Sunday, May 1, 2011

Protesters defy Syria crackdown

29 April 2011 Last updated at 14:28 Protests in the southern town of Nawa, 27 April 2011 Anti-government protests in Syria have grown over the past six weeks Renewed anti-government protests have broken out in the Syrian capital, Damascus, and in cities around the country, reports say.

Large numbers of armed troops and security forces were said to be on the streets of Damascus to quell protests, with tear gas used as prayers ended.

Rallies were reported in Homs, in the north and in coastal cities.

Activists had called for a "day of rage" and solidarity with victims of a recent crackdown in the city of Deraa.

A resident of Deraa, where protests have been strongest, told the BBC two people had been killed there on Friday, but this could not be independently confirmed.

The city has endured days without power and is reported to be "locked down".

In Deraa, troops were said to have fired in the air and were intimidating residents to stay indoors.

"They will open fire if you leave your house," one resident told Reuters news agency.

Syrian state media said four soldiers had been killed and two others captured in a "terrorist" attack on their post in Deraa on Friday. The report cannot be verified.

Activists and human rights groups say the recent crackdown on anti-government dissent has left some 500 people dead.

There has been growing international criticism of the response to protests against the regime of President Bashar al-Assad.

'Chant for freedom'

EU officials are meeting in Brussels on Friday to discuss sanctions against President Bashar al-Assad's regime, while the UN Human Rights Council is holding an emergency meeting in Geneva on Syria.

Continue reading the main story image of Jim Muir Jim Muir BBC News, Beirut

The situation in Deraa is clearly becoming increasingly desperate. Around 120,000 people are trapped there.

Since Monday, they've been isolated by thousands of government troops and dozens of tanks. Water, electricity and phones have been cut off all that time. There are no medicines, and no access to medical facilities.

Demonstrations and shootings are reported from other parts of the country, with some Syrians even fleeing into Lebanon on foot to get away.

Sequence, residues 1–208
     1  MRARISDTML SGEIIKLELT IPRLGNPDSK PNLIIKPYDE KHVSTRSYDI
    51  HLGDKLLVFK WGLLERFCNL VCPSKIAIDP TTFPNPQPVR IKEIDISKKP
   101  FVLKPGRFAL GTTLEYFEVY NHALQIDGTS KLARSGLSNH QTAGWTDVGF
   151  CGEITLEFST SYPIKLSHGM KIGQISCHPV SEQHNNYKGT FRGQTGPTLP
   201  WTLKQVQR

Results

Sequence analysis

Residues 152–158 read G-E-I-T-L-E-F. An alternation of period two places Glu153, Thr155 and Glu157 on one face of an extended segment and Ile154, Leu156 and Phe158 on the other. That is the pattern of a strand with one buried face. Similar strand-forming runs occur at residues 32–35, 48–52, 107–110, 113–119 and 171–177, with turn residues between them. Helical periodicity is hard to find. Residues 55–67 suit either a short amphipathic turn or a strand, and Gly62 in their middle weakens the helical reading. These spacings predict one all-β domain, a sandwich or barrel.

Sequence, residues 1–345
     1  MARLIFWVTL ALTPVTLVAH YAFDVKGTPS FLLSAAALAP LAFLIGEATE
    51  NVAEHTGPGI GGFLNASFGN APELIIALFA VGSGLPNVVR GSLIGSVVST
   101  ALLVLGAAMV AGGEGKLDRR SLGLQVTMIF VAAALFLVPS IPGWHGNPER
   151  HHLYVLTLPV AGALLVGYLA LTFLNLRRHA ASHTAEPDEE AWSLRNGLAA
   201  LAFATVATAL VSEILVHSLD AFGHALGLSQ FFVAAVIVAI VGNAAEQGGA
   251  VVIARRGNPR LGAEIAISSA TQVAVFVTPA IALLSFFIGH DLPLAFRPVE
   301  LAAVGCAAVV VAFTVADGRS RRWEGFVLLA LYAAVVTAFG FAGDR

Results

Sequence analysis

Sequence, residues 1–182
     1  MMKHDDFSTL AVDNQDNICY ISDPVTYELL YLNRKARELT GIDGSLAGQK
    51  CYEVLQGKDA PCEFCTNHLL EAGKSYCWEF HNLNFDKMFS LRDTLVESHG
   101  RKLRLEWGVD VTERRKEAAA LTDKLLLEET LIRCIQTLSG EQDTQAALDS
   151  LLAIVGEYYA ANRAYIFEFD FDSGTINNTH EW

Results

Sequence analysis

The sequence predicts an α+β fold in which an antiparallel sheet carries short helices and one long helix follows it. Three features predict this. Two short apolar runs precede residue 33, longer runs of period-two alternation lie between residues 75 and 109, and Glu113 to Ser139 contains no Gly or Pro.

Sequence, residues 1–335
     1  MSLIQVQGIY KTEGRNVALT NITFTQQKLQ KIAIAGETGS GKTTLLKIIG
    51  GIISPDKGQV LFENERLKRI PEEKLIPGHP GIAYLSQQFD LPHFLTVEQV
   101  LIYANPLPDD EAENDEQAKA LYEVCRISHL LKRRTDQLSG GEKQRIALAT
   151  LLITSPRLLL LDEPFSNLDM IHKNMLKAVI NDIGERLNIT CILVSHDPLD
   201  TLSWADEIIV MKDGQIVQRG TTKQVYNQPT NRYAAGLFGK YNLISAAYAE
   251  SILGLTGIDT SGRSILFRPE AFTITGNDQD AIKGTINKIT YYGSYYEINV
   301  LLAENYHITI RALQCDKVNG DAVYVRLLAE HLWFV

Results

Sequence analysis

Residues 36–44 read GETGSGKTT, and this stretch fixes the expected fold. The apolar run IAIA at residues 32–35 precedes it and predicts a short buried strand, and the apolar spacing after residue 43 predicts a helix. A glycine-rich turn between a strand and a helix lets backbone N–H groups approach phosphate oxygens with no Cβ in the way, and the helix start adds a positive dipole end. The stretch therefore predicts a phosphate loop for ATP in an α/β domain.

As has become typical during months of protests in a number of Middle East countries, Friday was billed as a "day of rage" in Syria.

Protests flared in several Damascus suburbs, including Daraya, and tear gas was used as crowds left the Zein al-Bedin mosque in the capital's Median area, according to reports.

Unverified video posted online showed people marching in the city of Homs.

There were also reports of protests in the Kurdish city of Qamishli in Syria's north, and in the coastal towns of Latakia and Baniyas, which have seen regular marches in recent weeks.

The BBC's Jim Muir, in Lebanon, said two people were reportedly wounded in Latakia.

But the impression was the government was trying to avoid major bloodshed as the UN rights body held its meeting.

Ahead of the protests, a notice on the Facebook page Syrian Revolution 2011 called for a "Friday of Anger".

"To the youths of the revolution, tomorrow we will be in all the places, in all the streets," it said.

"We will gather at the besieged towns, including with our brothers in Deraa."

Protests were backed this week by the Muslim Brotherhood, the Islamist organisation crushed by President Assad's father in the 1980s and banned ever since.

"Do not let the regime besiege your compatriots," said the statement, thought to be the first direct appeal by the group.

"Chant with one voice for freedom and dignity. Do not allow the tyrant to enslave you."

'Corpse clubbed'

In Deraa, at least 50 people are reported to have been shot dead in recent days.

Some bodies are still in the streets as snipers are said to be targeting anyone who tries to retrieve the dead.

Unverifiable video footage posted on the internet showed security forces clubbing a dead body in the street before dragging it away.

Witnesses said water, communications and power had been cut off.

Deraa is the southern city in which political protests began in Syria six weeks ago.

A military crackdown was launched there on Monday, with security forces backed by tanks forcing their way into the centre of the city.

Syrian authorities say they are acting to restore security.

Foreign journalists have been banned from Syria and reports from inside the country are difficult to verify.

There are unconfirmed reports of divisions within the security forces and of soldiers refusing orders to fire on protesters.

On Wednesday, 200 members of Syria's ruling Baath party resigned after issuing an angry public statement denouncing the repression.

The resignations - mostly from around Deraa - follow those of 30 Baath officials from the coastal city of Baniyas, north-west of Damascus.

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